Thank God we got penitentiaries.
I asked a [convict], ‘why did you kill everybody in the house?’ The guy said ‘They was home.’

Richard Pryor, Live on the Sunset Strip

It’s not just the words. His inflection for the murderer sounds so light-hearted, almost like if you had a pet hippopotamus that spoke English and it only wanted your approval and also casually spoke about murder. “Sank a boat. Killed two people.” “Why?” “They were in the river.”

Bill Burr, “Ordering A Sandwich”

For someone attempting to build his future with a joke scaffolding, I’m stupid ignorant when it comes to stand-up comedy. (And also people are more shocked by the movies that I haven’t seen than interested in the ones I have, but that’s another captioned Youtube clip for another day [The Godfather, Apocalypse Now, Paul Blart, there].) Over the past three-or-so years a lot of my good buddies have independently called me a “fucking idiot” for not trying stand-up. Also, I’ve recently realized that I can write myself silly (or sad, as it were) and even get paid for it… But in order to meet people, I have to perform. (yeah friends, suck on that, i claim all responsibility for my decision and your kind words meant nothing nyaanya)

So I’m doing that soon! And you won’t hear shit about it because I’m not inviting anyone to see me for quite some time as my friends will not be privy to my onstage collapses and nerve-farts (more than they already are)! But I do need to educate myself in the meantime, and so I’ve watched a good amount of Bill Burr tonight— a name I know but could not place to any material I’ve heard. I don’t dislike his comedy, but I also don’t enjoy it, and I feel like this very short clip encapsulates why.

He’s pissed off because he goes to a sandwich shop and the employee directs him to the free-standing mayo where Burr can apply it himself. His argument is “This dumbass working at the Subway won’t do the full job that I’m paying him to do.” But the mayo was separated from the sandwich counter because it’s cost-effective for the company, not cause people are lazy. So my reaction (in my voice in my head) is “maybe Burr should try actual restaurants, where you pay more so that people will put the mayo or, hey, anything they have available in the kitchen, aka infinitely more options, on your sandwich for you.” Because what he’s doing is finding the fault in the system and blaming the little guy for it, and it honestly makes me a tiddle squeamish, same as with other comics that employ rage and never temper it with love.

I know I have angry thoughts like that, but I try to catch myself in those moments, as it calms me and, of course, attacking myself is what’s funniest to me; “seriously Brian? you’re pissed off because this guy won’t put mayo on your sandwich? well with all the fuckin mayo you love to guzzle i guess you can’t lean those mayo-tubes you call legs on the gas pedal and motor your Rascal across the Subway, hammering into the wall until the mayo bottle wobbles off the counter and tumbles into your mouth, half-sticking out like you’re a first-time bong user.”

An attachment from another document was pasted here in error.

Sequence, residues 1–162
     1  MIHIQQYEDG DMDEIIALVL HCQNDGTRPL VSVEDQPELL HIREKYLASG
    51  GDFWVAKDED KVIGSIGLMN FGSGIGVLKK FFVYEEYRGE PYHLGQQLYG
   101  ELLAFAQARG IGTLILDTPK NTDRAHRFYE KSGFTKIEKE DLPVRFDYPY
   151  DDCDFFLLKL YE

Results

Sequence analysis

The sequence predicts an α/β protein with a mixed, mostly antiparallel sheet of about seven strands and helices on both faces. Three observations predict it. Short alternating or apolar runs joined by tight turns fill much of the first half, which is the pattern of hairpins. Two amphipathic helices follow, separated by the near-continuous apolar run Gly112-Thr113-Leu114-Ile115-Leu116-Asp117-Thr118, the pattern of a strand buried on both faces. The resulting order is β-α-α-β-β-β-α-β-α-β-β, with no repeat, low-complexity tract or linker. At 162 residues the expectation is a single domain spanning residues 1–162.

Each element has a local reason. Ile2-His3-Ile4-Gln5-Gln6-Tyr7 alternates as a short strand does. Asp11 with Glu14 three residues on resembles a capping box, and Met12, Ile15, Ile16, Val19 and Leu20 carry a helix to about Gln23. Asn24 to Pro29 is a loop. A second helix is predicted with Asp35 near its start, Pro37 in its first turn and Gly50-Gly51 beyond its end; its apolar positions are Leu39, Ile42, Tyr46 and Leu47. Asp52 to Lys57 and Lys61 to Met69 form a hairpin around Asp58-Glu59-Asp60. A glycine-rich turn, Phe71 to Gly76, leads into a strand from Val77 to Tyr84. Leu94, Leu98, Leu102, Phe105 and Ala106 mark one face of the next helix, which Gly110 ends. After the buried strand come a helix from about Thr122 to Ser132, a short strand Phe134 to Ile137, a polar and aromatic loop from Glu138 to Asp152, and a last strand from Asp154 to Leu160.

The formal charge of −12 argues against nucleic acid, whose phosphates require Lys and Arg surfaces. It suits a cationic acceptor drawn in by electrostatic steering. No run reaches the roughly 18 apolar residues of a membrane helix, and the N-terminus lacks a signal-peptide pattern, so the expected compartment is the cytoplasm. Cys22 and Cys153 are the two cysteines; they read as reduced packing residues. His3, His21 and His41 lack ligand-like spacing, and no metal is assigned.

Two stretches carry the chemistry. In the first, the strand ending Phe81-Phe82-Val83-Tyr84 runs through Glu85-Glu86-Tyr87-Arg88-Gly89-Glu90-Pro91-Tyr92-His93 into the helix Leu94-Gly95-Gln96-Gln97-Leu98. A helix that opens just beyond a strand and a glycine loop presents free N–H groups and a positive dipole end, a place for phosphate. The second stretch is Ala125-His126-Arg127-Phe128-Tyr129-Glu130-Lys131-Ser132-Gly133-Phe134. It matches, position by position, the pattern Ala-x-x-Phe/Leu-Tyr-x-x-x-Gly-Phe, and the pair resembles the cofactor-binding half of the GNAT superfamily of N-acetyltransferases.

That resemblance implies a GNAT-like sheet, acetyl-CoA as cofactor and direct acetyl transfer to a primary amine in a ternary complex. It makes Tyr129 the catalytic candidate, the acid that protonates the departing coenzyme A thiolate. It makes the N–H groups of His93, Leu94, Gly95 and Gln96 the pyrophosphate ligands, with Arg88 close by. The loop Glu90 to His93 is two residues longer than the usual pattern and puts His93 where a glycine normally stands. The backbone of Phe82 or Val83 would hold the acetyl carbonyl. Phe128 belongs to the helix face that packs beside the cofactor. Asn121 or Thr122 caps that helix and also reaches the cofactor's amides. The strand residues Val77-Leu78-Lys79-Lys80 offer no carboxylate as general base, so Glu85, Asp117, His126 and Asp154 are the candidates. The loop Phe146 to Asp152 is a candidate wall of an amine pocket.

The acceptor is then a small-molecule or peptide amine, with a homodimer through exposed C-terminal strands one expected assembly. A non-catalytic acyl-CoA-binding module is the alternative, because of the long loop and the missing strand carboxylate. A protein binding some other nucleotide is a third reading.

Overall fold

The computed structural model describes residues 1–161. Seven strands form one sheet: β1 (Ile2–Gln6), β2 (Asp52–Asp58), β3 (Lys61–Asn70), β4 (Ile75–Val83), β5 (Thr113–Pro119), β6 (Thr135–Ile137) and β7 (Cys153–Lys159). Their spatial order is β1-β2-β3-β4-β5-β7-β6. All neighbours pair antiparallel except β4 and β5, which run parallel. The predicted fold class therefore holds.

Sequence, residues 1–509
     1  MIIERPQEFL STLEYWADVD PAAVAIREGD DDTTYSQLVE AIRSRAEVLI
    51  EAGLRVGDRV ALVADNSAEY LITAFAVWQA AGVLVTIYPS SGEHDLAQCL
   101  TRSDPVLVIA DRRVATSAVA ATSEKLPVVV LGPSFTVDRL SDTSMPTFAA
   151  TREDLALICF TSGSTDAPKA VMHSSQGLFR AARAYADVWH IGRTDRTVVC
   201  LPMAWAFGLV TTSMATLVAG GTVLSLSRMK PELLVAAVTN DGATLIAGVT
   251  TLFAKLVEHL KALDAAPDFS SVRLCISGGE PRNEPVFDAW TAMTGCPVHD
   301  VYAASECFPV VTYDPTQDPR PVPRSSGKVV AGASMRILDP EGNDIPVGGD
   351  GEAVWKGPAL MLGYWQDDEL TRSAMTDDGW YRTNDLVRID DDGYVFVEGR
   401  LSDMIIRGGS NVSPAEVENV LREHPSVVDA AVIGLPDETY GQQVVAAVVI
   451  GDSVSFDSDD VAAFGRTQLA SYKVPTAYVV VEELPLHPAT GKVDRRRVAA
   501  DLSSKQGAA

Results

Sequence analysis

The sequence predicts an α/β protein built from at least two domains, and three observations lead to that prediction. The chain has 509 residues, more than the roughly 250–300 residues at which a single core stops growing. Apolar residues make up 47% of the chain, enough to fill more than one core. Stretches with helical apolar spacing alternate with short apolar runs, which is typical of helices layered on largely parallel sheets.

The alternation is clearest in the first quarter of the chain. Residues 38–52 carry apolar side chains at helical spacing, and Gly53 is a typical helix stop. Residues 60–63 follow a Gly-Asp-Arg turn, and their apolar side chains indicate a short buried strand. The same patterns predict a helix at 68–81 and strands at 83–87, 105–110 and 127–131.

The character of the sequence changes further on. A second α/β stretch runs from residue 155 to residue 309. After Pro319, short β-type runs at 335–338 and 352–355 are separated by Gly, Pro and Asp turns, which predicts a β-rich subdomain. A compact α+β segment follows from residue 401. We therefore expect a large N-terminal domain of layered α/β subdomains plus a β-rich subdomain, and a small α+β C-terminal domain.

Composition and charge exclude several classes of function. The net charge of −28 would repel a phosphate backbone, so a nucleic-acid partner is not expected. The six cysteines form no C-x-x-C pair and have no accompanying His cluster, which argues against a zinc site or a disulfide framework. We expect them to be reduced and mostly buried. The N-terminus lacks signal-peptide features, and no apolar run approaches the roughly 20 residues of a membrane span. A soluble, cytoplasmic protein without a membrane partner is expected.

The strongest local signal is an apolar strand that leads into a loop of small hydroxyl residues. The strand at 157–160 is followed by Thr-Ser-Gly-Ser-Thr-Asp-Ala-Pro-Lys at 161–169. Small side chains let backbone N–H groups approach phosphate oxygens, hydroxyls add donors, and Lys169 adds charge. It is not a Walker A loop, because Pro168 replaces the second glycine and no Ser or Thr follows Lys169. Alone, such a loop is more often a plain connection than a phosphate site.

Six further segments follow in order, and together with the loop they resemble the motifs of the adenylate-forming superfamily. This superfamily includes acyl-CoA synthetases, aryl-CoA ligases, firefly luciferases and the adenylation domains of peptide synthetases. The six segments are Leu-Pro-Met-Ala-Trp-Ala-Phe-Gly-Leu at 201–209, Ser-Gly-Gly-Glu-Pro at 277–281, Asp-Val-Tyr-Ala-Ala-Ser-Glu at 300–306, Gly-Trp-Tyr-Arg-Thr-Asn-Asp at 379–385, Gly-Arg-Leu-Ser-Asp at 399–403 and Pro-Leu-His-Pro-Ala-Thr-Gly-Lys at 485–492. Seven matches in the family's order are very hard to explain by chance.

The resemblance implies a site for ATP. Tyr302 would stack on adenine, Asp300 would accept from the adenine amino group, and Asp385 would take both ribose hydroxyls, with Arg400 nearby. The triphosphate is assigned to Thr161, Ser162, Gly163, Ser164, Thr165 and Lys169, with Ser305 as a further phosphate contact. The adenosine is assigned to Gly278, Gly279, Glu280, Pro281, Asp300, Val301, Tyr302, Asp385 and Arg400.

I’m not gonna pretend that’s funny but need I remind you that the whole point is that I can’t even make a joke out of tiny hate like Burr does because I don’t know how. And it’s not like he’s terrible for it, I’m simply exploring what comedy means to me and why his anger bothers me and how i will use it in my own stan *i float away on some rainbows and clouds still rambling to myself*

edit: I’m glad I didn’t suppose too much that he’s not self-aware

Anonymous Leaks Horrifying Video of Steubenville High Schoolers Joking About Raping a Teenager ‘Deader than Trayvon Martin’

A friend shared this with another on Facebook. Since I treat Facebook like a combined comedy playground + laboratory, I tried to make a joke. Someone replied, and I got the chance to question what I’m doing even more than my anxiety over being hated usually forces me to. I imagine that my point of view is very similar to what my friends expect from me, but I feel like I came up with a couple of thoughts new to me.

Since I do all my best writing in Facebook comments, here we go:

  • Brian J K Regan oh so now we have to ruin these young men’s promising comedy careers??? when does it end
  • M. Q. what part of that is comedy? or are you being facetious? either way, no.
  • Brian J K Regan I dunno I wouldn’t be surprised to hear Leno rip “She’s raped deader than Trayvon Martin” later this week

    (M.Q.: there are people commenting on the Jezebel article that defend this video, writing that “people make objectionable jokes in close company all the time.” My point is that the monologue captured in this video isn’t even jokes, it’s just topical comparisons meant to shock, and that anyone who believes this is “shock comedy” is really overestimating the amount of thought these boys put into their words. This is, in effect, an illustration of the divide in comedy about rape jokes: unacceptable ones use rape, “acceptable” ones discuss rape. Since I like to contribute to positive discourse, in writing my comments I want to draw a connection between anyone who defends these boys’ sense of humor to the fucking rape apologists who bemoan the rapists’ futures— hopefully anyone who would read it would see that.